BTS of the First Blockchain-Based Film Screening
Last month, Snark.art pulled off a bit of history — our screening of 89 seconds Atomized, at the NFT.nyc conference and on our website, was the first-ever decentralized screening of an artwork. That’s going to require a bit of explanation.
On the morning of February 20th, most owners of 89 seconds lent their atoms for a 24-hour period, i.e. the tokens were removed from their smart wallets and deposited in a wallet held by Snark.art. Those atoms were then re-assembled, each 20x20 pixel square placed in its corresponding space in the video’s grid. Those atoms were used to screen the full 10-minute video for a live audience in New York and on the web. After the screening, the atoms were returned to owners’ wallets, along with a small Ethereum stipend.
Snark.art CTO Misha Libman breaks down just how it all worked.
Can you just explain what exactly happened to make this screening possible?
The first thing we did was request the loan of atoms from collectors. We wanted to do that several days ahead of the loan — most owners have signed up to automatically lend out their atoms, but we wanted to give people the ability cancel the loan request.
On the night before the screening the atoms were physically transferred from the individual wallets of collectors into one Snark.art wallet. That should have been a very simple Metamask operation, using a function that we’ve written, but there were a few challenges that we didn’t anticipate.
We were trying to move between 900 and 1000 atoms, but there are limitations on how many transfers we could do at one time. There’s a limitation inside the Ethereum blockchain capping the units of gas for every operation so instead of moving the atoms in one transaction, we had to divide it up.
And then the price of gas [the payment required to transfer the atoms] suddenly became astronomical — somewhere around four or five times what we were expecting. So we were waiting for the prices to drop, and that also slowed things down for us.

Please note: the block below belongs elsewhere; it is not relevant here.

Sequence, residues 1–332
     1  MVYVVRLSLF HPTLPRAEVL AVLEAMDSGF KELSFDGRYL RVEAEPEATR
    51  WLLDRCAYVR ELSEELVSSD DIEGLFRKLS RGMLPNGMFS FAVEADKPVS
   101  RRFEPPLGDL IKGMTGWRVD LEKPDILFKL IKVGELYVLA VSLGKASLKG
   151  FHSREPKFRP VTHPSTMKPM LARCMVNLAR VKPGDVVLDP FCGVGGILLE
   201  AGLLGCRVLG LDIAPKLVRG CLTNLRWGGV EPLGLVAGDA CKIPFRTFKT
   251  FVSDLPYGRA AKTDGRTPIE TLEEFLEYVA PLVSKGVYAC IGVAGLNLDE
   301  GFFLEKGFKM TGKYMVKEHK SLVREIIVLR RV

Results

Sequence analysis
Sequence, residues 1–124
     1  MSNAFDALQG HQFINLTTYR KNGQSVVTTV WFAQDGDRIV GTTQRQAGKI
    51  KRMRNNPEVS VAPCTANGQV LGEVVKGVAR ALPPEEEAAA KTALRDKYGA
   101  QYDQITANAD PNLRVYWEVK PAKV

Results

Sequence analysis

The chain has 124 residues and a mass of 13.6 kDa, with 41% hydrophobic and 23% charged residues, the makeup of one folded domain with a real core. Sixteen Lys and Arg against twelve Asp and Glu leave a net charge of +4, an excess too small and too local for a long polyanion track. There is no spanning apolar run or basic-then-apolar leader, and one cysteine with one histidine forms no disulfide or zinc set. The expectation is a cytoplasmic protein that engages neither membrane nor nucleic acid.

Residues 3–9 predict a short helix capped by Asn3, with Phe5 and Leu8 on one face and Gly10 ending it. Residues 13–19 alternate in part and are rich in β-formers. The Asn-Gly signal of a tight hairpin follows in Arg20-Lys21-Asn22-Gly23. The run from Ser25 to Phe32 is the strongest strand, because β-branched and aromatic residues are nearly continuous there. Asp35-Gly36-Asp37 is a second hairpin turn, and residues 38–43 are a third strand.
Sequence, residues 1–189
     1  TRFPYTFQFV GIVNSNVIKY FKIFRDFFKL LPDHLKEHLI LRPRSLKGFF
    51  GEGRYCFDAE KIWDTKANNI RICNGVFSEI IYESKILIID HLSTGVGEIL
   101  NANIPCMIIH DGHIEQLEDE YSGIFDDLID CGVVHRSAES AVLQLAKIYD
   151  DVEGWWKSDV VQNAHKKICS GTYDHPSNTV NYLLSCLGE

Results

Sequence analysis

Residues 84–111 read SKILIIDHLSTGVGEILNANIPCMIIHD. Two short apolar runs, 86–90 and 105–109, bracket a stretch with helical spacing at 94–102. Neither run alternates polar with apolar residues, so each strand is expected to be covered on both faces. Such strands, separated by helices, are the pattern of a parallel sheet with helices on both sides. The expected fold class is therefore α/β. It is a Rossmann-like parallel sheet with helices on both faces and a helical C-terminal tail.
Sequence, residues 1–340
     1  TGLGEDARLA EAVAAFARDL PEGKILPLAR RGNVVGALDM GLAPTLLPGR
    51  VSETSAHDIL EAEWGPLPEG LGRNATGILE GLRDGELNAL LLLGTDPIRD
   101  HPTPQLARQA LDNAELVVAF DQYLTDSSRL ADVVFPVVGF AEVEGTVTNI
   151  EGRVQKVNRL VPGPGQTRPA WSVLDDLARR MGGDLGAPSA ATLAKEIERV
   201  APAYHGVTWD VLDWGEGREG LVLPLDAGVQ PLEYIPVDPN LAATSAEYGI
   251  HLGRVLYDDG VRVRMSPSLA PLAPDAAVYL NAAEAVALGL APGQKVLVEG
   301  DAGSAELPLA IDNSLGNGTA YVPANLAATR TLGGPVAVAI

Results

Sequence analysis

So once the tokens are finally in the Snark.art wallet what happens?
Having the tokens gives us access to the actual video files, which live on IPFS. We developed a script last summer with some developers that then allows us to render all of the atoms in the wallet to create some visual fragment of the full ten-minute video. I think we ended up with about 980 atoms, which left 1,324 atoms missing.
How does that look? Do you have to sweeten the image?
We’ve worked a lot with Eve about how to visualize the missing pieces, and we ended up programming three different visualizations.
The first one we did was to place a greenish-black color in the place of the missing atoms. You get a really good sense of what’s happening on screen, but there’s something very voyeuristic about it, almost like you’re watching the scene play out through a screen.
Then we played with a more conceptual idea, where we doubled up any atom that was participating. We would use them to fill in one of the missing spots, randomly located. That is a very cool effect, almost kaleidoscopic. Because you see how certain actions repeat, or sync up, somewhere inside the frame. The overall effect is probably a little less clear, but it’s still quite interesting.
And for the third visualization, instead of putting full detail in the missing spots, we would calculate the average color of each missing atom, so hopefully it would be a less distracting hybrid of the two others. It was easier to concentrate on the action in the scene, but there was also this cool sparkle that you picked up from missing atoms.
Which one did you ultimately show at NFT.nyc?
We actually showed a few minutes of each for the event, though we went with blacking out the missing atoms for the streaming version on our website.
And no disasters, big or small, at the screening itself?
Thank god no. It was really well received.
You’ve screened 89 seconds Atomized… then what happens?
Then we started pushing the atoms back to owners, and the return process was surprisingly fast. We managed to finish it within a few hours.
So what do you want to improve on for the next screening?
We need to get better in optimizing the process and making it as self-serve as possible. We want to be able to let people organize these screenings anywhere in the world, so that means creating something that’s more user-friendly. Just because you’ve managed to pull 1,000 atoms into one wallet, you’re still a long way away from being able to put it all together, at least the way we’re doing it, so that’s a priority for us.
But if someone wants to give it a try, we’d love to have screenings organized by the community. They just have to get in touch.